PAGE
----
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True Or False? Breastfeeding Facts Revealed!

Unravel the common breastfeeding myths and discover what’s fact and what’s fiction.

When Can My Baby Wear Sunscreen?

When is my baby old enough to have sunscreen applied to her face and body?

in the news

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New Standard For Fetal & Newborn Growth

A team of researchers led by experts from Oxford University (U.K.) have, for the first time, developed an international standard for assessing babies’ growth during pregnancy and size at birth. Drawing on the same multi-site approach used by the World... more

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Cost-Savings Benefits Of Childhood Vaccinations

Every year, the Centers for Disease Control and Prevention (CDC) issues an updated schedule of recommended vaccines for infants and children. Yet it’s estimated that as many as 1 in every 10 children do not receive the recommended vaccinations, and... more

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Preemies Thrive In Language-Rich Environments

Even before birth, babies hear and respond to the sounds around them. Their mother’s heartbeat… her voice… the beat of an often-played piece of music… Dad’s voice. The last weeks of a full-term pregnancy tend to be rich with examples... more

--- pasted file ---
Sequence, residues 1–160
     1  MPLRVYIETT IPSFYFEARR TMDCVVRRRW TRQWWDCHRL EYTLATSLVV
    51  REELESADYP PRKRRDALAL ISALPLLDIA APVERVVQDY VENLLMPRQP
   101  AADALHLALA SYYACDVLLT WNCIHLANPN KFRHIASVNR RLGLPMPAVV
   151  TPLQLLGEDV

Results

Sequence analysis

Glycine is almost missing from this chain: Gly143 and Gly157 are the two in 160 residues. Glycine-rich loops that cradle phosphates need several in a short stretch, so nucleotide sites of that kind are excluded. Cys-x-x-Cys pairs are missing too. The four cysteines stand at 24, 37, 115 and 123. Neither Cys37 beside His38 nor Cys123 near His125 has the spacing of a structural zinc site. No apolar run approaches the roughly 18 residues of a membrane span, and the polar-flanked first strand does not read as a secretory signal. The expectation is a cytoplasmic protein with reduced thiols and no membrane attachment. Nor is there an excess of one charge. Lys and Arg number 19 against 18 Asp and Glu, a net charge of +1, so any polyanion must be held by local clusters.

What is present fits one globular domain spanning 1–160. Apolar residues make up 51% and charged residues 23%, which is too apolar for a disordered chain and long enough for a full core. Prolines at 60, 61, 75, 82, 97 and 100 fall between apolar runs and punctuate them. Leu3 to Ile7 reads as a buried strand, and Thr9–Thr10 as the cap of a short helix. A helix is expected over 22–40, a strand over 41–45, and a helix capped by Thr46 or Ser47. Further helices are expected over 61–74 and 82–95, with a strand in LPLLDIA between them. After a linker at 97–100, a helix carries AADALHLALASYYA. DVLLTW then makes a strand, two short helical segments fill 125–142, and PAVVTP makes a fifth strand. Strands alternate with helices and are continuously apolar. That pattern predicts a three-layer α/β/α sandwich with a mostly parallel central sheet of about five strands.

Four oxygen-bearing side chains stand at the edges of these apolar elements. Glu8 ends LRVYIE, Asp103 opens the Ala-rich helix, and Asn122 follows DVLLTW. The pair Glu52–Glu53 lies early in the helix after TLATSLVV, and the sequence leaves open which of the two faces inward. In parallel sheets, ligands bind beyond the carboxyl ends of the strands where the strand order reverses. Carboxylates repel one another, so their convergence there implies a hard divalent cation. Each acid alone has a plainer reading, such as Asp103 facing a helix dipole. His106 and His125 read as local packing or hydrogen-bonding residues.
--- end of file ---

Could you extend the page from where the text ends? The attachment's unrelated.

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Mapping The Need For Vaccinations

It has been the myth heard ’round the pediatric world: Vaccinations cause autism. In spite of evidence to the contrary and a retraction of the primary article staking this claim, some parents remain concerned about vaccination-related injury. “Why does my... more

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Rethinking Rice Cereal

When it’s time for babies to eat food other than breast milk or formula, many parents reach for baby cereal—particularly rice cereal. For years, pediatricians have recommended that babies’ first food be iron-fortified cereal, particularly rice, which has a low... more

popular breastfeeding articles

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tip of the day

  • Supply and demand are key to milk production—the more milk your baby takes, the more milk you make!
  • Estrogen can decrease your milk supply, so talk with your doctor before taking birth control pills with estrogen.
  • Frequent, runny, yellow stools and clear or pale yellow urine are signs that your baby is getting enough to eat.
  • Supply and demand are key to milk production—the more milk your baby takes, the more milk you make!
  • Diabetic moms find their insulin needs are lower while breastfeeding.
  • Breastfeeding makes reconnecting at the end of the workday a celebration.
  • Respond to criticism with humor: “Oh, I’m sure he’ll wean before he goes to college!”
  • Offering more meals and snacks during the day may lead to fewer meals at night.
  • Holding your baby skin-to-skin for at least the 1st hour after birth is best way to get to know your baby & to start to breastfeed.
  • Supply and demand are key to milk production—the more milk your baby takes, the more milk you make!